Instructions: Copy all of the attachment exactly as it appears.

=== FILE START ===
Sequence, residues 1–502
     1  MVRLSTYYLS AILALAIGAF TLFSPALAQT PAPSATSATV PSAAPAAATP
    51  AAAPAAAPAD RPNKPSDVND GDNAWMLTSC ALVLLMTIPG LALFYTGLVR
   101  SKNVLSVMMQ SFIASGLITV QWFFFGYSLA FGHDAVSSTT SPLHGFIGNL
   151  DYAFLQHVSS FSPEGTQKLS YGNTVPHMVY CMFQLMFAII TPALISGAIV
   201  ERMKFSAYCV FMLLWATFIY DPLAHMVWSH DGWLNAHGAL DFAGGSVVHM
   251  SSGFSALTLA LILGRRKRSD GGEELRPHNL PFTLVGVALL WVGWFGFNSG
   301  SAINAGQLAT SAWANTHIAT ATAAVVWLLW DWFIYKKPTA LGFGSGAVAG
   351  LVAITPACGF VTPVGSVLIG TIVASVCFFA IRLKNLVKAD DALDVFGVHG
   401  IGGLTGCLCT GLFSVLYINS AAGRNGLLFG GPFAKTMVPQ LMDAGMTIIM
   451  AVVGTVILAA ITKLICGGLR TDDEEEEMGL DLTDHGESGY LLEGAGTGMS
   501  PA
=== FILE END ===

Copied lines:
Sequence, residues 1–502
     1  MVRLSTYYLS AILALAIGAF TLFSPALAQT PAPSATSATV PSAAPAAATP
    51  AAAPAAAPAD RPNKPSDVND GDNAWMLTSC ALVLLMTIPG LALFYTGLVR
   101  SKNVLSVMMQ SFIASGLITV QWFFFGYSLA FGHDAVSSTT SPLHGFIGNL
   151  DYAFLQHVSS FSPEGTQKLS YGNTVPHMVY CMFQLMFAII TPALISGAIV
   201  ERMKFSAYCV FMLLWATFIY DPLAHMVWSH DGWLNAHGAL DFAGGSVVHM
   251  SSGFSALTLA LILGRRKRSD GGEELRPHNL PFTLVGVALL WVGWFGFNSG
   301  SAINAGQLAT SAWANTHIAT ATAAVVWLLW DWFIYKKPTA LGFGSGAVAG
   351  LVAITPACGF VTPVGSVLIG TIVASVCFFA IRLKNLVKAD DALDVFGVHG
   401  IGGLTGCLCT GLFSVLYINS AAGRNGLLFG GPFAKTMVPQ LMDAGMTIIM
   451  AVVGTVILAA ITKLICGGLR TDDEEEEMGL DLTDHGESGY LLEGAGTGMS
   501  PA